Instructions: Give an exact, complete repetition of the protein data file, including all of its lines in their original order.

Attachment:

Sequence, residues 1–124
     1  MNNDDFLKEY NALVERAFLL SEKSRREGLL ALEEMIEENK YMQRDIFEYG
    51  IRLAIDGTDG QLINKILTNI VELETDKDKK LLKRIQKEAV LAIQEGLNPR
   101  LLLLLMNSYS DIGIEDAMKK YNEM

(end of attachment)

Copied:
Sequence, residues 1–124
     1  MNNDDFLKEY NALVERAFLL SEKSRREGLL ALEEMIEENK YMQRDIFEYG
    51  IRLAIDGTDG QLINKILTNI VELETDKDKK LLKRIQKEAV LAIQEGLNPR
   101  LLLLLMNSYS DIGIEDAMKK YNEM